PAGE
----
By the end of 2010, the team was able to identify the activities that took place in each of the building’s sectors. (Plan Courtesy Lindy Lindorfer, Andrea Berlin, Sharon Herbert)
When taken all together, the archive where the bullae were found, the granary, and the collection bins all suggest the presence of imperial officials with administrative responsibilities, such as tax collecting. Taxation was an ever-present fact of life under the Hellenistic monarchies, but it’s rare to find the actual location where the officials worked and collection occurred. The building’s traffic patterns, which we have been able to reconstruct, show limited access between working areas and the reception rooms. In the former we found mostly plain pottery for cooking, food preparation, and storage, while in the latter we uncovered beautiful dishes and decorated lamps to adorn dining tables. Visiting officials may have carried documents to Kedesh and then enjoyed a fine meal before going on their way.
After six years of excavation, we thought we knew the site completely, and yet, the last day of our last field season still had one incredible surprise in store. While we were preparing for aerial photography, a student spotted a large, perfectly round disk in some soil that had accumulated on the eastern wall of the granary. Although the disk was covered in dirt, a bright glint along one of its edges caught his eye. Upon picking up the artifact, he knew immediately from its heft that he was holding a solid gold coin. When he brought the coin to our attention, we were able to identify it as a mnaieion (a one-mina coin, equivalent to 100 silver drachmas, or a mina of silver) of the Egyptian ruler Ptolemy V, struck in the year 191–190 B.C. at the imperial mint of Kition on Cyprus. The mnaieion is the largest gold coin ever found in Israel and only the second example of this issue found anywhere.
This room (top) contained large bins for collecting and measuring agricultural products. An official reception space (below), featured walls covered in painted plaster (inset). (Courtesy Sharon Herbert, Courtesy Susan Webb, Courtesy Donald Ariel, Israel Antiquities Authority)
A gold coin was found near the wall of one of the grain storage rooms. (Courtesy Sharon Herbert)
The appearance of this coin at Kedesh is a reflection of the period’s power politics. By the time of its issue, the Seleucid kings controlled this portion of the southern Levant, having won it after a series of wars against the Ptolemies, the Macedonian kings of Egypt who ruled from 305 to 30 B.C. Nonetheless, for approximately the first 20 years of their rule, the Seleucids maintained the region as a Ptolemaic monetary zone, probably as a kind of diplomatic courtesy. Their actions may also have been intended to maintain market confidence, communicating that despite the change in ruling regimes, the older currency would still be honored. The gold mnaieion was certainly not a coin used as regular currency—it was simply too large in value. It might have belonged to a high-ranking Ptolemaic official, who would have traveled to Kedesh to meet with one of his Seleucid counterparts and brought the coin as a diplomatic gift. The findspot within a wall of the granary suggests that it had been stolen and hidden, likely by somebody who worked in this part of the complex.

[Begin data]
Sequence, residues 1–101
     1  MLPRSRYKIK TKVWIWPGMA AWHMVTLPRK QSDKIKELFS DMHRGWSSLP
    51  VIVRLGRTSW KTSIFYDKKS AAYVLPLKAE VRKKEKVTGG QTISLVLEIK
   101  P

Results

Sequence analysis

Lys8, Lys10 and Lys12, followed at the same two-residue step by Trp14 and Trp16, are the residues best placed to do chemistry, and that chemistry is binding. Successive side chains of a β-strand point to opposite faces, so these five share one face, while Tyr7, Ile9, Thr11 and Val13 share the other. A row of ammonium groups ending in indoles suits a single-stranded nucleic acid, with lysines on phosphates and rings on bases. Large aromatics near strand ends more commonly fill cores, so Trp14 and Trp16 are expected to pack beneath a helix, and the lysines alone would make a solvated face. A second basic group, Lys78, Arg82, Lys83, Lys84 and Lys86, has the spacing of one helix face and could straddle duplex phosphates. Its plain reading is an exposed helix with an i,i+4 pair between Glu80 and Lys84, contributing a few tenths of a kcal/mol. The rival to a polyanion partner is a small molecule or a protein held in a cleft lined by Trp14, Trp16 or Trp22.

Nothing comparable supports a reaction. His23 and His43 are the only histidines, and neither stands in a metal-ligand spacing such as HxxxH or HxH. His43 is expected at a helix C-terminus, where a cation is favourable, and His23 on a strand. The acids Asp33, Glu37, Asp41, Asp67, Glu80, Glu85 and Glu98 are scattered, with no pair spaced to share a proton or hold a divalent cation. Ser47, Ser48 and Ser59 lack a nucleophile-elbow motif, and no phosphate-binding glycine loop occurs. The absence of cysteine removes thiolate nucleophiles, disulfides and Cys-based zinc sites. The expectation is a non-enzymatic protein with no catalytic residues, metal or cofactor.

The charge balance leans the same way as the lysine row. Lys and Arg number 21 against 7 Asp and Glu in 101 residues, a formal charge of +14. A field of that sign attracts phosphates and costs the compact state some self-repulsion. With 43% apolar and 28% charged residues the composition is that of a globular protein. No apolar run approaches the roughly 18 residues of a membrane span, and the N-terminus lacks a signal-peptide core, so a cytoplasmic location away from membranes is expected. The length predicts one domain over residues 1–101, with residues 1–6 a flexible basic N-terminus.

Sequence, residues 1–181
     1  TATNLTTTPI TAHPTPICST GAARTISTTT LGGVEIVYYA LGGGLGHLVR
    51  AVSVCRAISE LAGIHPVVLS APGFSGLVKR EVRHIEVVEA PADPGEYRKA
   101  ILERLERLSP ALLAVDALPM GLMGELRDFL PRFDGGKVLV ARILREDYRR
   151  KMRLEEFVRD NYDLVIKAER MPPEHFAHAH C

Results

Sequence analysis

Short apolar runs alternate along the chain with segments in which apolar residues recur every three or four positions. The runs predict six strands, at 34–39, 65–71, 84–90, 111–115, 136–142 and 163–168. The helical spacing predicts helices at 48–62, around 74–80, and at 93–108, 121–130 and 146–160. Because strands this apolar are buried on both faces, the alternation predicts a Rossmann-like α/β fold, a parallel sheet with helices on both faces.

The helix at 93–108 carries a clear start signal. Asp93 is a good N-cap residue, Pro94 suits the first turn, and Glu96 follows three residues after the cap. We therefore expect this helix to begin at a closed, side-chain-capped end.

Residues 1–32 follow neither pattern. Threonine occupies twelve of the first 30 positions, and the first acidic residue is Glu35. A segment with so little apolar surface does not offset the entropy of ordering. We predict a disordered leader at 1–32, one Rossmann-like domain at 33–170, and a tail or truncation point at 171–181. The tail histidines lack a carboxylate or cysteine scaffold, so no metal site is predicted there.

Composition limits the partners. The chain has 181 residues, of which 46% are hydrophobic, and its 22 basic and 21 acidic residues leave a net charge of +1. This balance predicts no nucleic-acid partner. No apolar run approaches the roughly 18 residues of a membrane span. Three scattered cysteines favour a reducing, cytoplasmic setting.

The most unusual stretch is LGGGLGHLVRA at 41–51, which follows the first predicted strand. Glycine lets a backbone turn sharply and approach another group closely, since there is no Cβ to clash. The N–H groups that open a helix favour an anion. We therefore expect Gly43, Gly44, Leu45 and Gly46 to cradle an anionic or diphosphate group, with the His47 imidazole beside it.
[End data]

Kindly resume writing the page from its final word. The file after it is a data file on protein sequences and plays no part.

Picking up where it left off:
We originally came to Tel Kedesh to investigate life on the border more than 2,000 years ago. No ancient author recorded an official presence here and it occupied an area and a time outside the pages of history. Tel Kedesh, until 1997, remained unexcavated and the surrounding region largely unexplored. Our curiosity about this border area led to the discovery of a building of enormous size and complexity, and its expensive decoration and the variety and quantity of artifacts uncovered have revealed a dominating administrative presence in the Kedesh valley and the Upper Galilee lasting nearly 350 years. Now that the excavation phase of the project is at an end and we work through the thousands of objects we discovered, we are asking questions that only archaeological evidence can answer: How did provincial elites and the workers who catered to them live? What was the relationship between this official collection complex and nearby settlements? Did status items and the cosmopolitan culture they represent trickle out, or did local officials live in a kind of elite bubble, with their own supplies of specialty goods? And perhaps most interesting, how do the social, economic, and cultural conditions reflected in the architecture and artifacts relate to periods of political calm and turmoil? As we turn from the excitement of excavation to the necessity of final report writing, we must now shift our focus from looking for artifacts to looking for answers.
Andrea Berlin is a professor of archaeology at Boston University; at the time of the Tel Kedesh field seasons she was at the University of Minnesota. Sharon Herbert is a professor of archaeology at the University of Michigan.